LIVING IN CINEMA DEPT.
CLASSIC MAD DEPT.
Today marks the 69th anniversary of the Allied invasion of Normandy. It was a major turning point in World War II and we are all indebted to the brave actions and sacrifices of those soldiers. We’d love to pay them a wonderful and fitting tribute...but as a poor substitute, we’re offering the cover and opening pages of our classic spoof of Patton from 1971.
Cover Artist: Norman Mingo
Click each image to make it bigger!
VIEW TO A SHILL DEPT.
MAD's all-Superman issue soars onto newstands next Wednesday, June 11th! This 64-page super spectacular features reprints of four classic Superman movie spoofs, plus all-new pieces — including "Sergio Aragonés Presents A MAD Look at Man of Steel", "Make Your Own Man of Steel Aventure", and "Man of Steel Outtakes"!
This issue does NOT come as part of your subscription, so be sure to pick up a copy at newsstands or download it it to your iPad! To get the MAD iPad app, click here!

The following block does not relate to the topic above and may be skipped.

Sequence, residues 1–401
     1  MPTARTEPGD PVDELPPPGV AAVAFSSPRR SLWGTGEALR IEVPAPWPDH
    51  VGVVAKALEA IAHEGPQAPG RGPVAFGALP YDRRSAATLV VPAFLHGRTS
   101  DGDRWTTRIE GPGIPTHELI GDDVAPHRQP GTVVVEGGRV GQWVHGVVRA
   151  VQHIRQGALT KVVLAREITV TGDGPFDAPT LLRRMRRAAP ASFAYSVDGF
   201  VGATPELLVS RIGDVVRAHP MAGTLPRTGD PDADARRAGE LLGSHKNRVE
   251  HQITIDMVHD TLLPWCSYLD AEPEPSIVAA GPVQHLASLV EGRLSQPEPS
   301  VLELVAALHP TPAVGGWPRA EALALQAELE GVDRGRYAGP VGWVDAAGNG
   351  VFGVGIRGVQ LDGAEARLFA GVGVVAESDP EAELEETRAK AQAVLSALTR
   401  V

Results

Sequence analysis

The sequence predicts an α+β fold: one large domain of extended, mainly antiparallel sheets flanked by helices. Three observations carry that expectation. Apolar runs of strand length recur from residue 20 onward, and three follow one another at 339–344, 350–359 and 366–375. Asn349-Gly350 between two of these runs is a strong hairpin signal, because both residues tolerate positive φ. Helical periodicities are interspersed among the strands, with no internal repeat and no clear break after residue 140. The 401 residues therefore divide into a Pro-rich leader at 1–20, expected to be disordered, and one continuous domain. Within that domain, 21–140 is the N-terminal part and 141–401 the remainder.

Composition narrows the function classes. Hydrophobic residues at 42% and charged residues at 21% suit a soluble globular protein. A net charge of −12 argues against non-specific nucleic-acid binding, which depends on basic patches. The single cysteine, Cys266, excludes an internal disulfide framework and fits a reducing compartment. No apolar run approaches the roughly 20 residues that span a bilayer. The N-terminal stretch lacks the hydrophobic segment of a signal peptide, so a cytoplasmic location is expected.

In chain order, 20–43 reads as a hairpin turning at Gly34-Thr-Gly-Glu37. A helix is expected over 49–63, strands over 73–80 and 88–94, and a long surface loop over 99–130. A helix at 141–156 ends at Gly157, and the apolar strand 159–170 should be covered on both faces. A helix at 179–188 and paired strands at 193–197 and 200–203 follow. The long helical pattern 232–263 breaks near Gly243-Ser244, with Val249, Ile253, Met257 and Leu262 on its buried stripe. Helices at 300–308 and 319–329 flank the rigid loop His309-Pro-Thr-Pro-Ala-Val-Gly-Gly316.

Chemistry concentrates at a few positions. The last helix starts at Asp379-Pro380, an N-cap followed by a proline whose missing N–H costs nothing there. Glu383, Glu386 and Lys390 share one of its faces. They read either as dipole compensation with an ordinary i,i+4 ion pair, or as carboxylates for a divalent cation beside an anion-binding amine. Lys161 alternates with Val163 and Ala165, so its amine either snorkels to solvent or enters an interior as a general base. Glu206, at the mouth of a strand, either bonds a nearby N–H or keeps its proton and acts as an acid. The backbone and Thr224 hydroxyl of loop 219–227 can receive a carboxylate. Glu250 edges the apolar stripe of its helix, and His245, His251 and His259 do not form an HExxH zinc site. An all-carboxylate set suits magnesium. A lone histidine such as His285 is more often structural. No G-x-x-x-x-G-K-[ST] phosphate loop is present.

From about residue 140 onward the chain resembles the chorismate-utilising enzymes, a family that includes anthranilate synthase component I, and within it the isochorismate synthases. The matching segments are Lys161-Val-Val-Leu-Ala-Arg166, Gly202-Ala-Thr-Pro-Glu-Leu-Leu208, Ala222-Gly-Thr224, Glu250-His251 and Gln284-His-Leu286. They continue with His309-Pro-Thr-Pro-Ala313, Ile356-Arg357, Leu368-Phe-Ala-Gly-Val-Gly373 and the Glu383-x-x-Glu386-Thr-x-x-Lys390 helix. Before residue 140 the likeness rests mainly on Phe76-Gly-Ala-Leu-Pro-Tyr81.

Cover Artist: Tom Richmond
REESE IN PIECES DEPT.
When Reese Witherspoon’s husband was pulled over for DUI over the weekend, she acted as any normal human being would: by pulling out her fading “celebrity card,” informing the officer that he was “about to find out who I am.” Despite an apology today — in which she blamed her rant on “one drink too many” — it’s now pretty clear exactly who she is.
CONFESSIONS OF A COURTROOM DRAMA QUEEN DEPT.
When Lindsay Lohan yesterday accepted a plea deal for driving into a dump truck, part of the agreement was that she’d do 90 days of hard rehab. We’re not sure that this is going to help all that much, but at the very least, her latest legal episode will provide fodder for her big comeback movie.
APE FEAR DEPT.
North Korea’s supreme leader, the pudgy, 30-year-old Kim Jong Un, keeps issuing nuclear threats from his crumbling peninsula (when he’s not entertaining semi-forgotten NBA rebounders, of course) — threatening to attack South Korea, the United States, and possibly parts of Guam. While nobody’s quite sure how seriously to take this guy, one thing is for certain: the whole ridiculous episode is starting to feel like a bad movie.
The current issue of Film Comment magazine features an extensive look at the history of MAD's movie parodies. As part of their research, they interviewed MAD Editor John Ficarra about the process of building each spoof and how the feature has evolved over the years.
Click through to read John's thoughts on how Mort Drucker, "horrible puns" and Louis Farrakhan have helped the parodies become an iconic part of MAD.